What Kind of Peanut Butter?
So what kind of peanut butter did they use in these studies? Was it Skippy, Jiff or Peter Pan? Was it chunky or smooth or honey roasted? They don't say. They only say it was plain peanut butter. The original investigates only state “A container of 14g of peanut butter was opened….”
Since there are no commercially amiable 14 grams (half an ounce) containers of peanut butter in supermarkets, this says to me someone took a small amount of some brand and put it in a container to be used in the study.
Peanut Butter Smell Test: Yes or No?
So, what's the verdict? Can peanut butter predict Alzheimer's or not? Because these two studies had different outcomes, it's hard to know for sure which one is correct. I think we need at least another investigation – maybe two – to know for sure.
Even so, that doesn't mean you can't do this simple test right now. All you need is a little bit of peanut butter (1/2 oz) and a ruler. If you do notice a difference in which nostril can smell peanut butter, that doesn't mean the end of the world because we are not sure yet what all this means.
Of course, you should always follow this up with your own doctor to get her/his insights. Trust me; they are aware of this research.
Preserving Brain Function Now
Regardless of what you discover when you do the peanut butter smell test, it's important to know that research is now starting to show dementia – including Alzheimer's – can be slowed down -or even maybe halted -if we start living a better lifestyle now.
What does that mean?
One thing is regular aerobic exercise. Research suggests there is a relationship between heart health and brain health. What's good for the heart is also good for the brain. Aerobic exercise seems to have a protective effect on the brain.
There are many reasons. One of which is exercise causes the body to make more antioxidants like superoxide dismutase (SOD) which battle free radicals and reduce oxidative stress.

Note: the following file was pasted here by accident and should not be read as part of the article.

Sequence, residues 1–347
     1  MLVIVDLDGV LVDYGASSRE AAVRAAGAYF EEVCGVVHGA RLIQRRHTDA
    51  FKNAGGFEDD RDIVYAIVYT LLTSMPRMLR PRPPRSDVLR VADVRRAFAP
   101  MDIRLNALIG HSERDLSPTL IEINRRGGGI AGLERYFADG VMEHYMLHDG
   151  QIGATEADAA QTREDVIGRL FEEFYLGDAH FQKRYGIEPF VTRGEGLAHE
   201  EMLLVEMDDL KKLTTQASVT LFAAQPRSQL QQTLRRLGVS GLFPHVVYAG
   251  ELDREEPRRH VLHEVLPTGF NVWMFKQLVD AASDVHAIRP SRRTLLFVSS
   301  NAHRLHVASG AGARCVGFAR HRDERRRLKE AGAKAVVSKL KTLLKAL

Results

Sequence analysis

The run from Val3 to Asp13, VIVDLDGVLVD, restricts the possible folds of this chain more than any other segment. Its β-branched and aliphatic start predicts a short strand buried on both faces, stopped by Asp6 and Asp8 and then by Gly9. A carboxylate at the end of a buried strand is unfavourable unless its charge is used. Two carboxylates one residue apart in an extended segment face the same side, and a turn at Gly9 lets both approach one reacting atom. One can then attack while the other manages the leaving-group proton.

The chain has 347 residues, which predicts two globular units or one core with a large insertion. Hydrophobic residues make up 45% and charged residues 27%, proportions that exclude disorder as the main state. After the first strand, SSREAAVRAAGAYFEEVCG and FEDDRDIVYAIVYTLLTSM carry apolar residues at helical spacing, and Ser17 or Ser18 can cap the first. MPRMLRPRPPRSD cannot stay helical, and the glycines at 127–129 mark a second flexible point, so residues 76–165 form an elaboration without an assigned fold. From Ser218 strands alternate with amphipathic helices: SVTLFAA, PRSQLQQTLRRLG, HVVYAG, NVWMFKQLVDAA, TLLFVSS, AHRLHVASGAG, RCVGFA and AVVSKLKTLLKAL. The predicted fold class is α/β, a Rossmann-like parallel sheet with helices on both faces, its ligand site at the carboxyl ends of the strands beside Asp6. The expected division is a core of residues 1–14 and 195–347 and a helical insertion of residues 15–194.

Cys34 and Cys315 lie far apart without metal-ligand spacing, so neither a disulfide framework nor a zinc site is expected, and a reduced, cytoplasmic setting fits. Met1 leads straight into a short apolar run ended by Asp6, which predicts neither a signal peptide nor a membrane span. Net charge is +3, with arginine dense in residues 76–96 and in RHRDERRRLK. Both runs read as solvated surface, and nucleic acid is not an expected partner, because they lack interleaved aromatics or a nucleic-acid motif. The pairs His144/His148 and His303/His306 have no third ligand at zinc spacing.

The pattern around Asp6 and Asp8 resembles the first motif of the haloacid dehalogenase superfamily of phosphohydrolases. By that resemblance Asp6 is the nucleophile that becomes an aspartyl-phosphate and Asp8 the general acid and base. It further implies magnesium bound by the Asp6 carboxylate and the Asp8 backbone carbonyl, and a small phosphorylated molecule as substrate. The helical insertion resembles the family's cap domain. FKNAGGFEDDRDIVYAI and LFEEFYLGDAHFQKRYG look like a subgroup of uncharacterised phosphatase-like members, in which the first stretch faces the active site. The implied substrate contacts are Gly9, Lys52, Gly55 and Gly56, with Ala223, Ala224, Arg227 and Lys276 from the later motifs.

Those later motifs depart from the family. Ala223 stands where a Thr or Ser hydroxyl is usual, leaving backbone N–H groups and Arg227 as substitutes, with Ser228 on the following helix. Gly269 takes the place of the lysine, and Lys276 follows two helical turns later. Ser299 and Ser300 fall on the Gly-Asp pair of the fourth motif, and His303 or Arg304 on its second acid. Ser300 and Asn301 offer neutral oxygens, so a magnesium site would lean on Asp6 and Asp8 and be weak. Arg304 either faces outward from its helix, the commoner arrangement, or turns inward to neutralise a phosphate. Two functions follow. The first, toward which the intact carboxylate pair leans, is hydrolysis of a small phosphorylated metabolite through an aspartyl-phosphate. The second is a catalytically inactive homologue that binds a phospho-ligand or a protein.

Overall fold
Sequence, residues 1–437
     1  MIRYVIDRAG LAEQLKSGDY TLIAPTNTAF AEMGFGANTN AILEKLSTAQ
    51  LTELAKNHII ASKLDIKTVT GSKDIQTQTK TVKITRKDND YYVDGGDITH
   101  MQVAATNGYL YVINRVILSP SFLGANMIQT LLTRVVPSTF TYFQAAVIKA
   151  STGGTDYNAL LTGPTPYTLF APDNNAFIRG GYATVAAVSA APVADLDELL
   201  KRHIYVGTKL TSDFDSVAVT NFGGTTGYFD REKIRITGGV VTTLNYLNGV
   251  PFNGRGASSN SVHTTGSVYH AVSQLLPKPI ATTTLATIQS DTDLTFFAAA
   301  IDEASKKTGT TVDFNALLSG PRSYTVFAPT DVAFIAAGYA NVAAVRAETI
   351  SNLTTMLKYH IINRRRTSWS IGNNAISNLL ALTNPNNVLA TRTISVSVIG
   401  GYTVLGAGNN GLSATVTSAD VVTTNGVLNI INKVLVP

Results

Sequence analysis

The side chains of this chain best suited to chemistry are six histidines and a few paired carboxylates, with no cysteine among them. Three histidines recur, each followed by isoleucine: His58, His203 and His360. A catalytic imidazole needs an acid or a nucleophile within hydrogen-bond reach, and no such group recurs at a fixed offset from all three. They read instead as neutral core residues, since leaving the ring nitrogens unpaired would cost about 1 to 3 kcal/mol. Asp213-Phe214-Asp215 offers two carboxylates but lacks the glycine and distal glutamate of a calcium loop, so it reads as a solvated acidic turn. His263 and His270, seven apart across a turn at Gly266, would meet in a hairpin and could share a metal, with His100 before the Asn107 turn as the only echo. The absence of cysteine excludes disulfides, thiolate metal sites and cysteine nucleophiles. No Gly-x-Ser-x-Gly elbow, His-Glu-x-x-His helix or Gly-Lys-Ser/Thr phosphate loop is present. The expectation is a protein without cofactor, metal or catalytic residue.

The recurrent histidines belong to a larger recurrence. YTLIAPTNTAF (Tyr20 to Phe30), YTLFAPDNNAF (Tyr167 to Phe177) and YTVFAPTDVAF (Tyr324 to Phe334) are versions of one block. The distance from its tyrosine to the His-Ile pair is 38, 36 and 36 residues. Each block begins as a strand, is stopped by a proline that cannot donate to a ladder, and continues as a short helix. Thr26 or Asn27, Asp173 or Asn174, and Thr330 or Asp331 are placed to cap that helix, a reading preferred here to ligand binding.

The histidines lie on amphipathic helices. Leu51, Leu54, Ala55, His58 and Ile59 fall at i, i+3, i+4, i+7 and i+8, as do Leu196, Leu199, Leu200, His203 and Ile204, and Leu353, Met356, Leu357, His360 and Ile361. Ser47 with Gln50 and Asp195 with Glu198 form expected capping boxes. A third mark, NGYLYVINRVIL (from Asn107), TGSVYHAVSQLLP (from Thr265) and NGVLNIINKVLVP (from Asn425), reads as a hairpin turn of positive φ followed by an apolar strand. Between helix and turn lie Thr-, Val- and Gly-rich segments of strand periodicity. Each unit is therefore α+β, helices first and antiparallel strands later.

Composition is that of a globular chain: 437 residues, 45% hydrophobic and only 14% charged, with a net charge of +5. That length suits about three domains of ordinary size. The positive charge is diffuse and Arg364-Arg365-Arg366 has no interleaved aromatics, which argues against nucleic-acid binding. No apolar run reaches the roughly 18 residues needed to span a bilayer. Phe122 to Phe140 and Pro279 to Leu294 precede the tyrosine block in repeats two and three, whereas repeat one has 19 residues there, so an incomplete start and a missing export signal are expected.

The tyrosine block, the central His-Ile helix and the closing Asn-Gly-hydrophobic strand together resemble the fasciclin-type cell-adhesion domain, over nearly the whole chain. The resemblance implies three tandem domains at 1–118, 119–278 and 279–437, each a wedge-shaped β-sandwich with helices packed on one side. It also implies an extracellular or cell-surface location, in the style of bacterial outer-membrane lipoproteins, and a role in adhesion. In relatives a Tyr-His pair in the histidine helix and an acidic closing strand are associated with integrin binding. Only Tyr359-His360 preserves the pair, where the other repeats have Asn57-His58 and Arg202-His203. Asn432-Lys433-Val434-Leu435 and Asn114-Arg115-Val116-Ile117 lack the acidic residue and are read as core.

So if you are able to, start doing some type of aerobic exercise program at least 30 minutes a day up to 60 minutes a day. It does not have to be running or intense either. Anything you enjoy will work.
Can strength training help? Maybe but regardless of its effects on brain health, strength training helps keep muscles strong and combat sarcopenia (muscle loss as we get older). The stronger our muscles are, the less chance of us ending up in a nursing home – dementia or not.
Another thing is eating more fruits, vegetables, seeds, and beans seem to be important too. I know what you're thinking – you mean to become a vegan. I'm not saying that but if you want to, great. There is evidence for both vegetarian and Mediterranean eating plans as being brain-healthy.
The more colors you add to your diet the healthier you will be overall. Why? The colors are the antioxidants. They protect the plants and when we eat them, they protect us too!
So can peanut butter help predict who will get Alzheimer's? Let's see what future studies discover. No matter what happens if you take the peanut butter smell test -and fail it – the take-home message is there are things you can do right now to improve brain function and reduce the risk of dementia.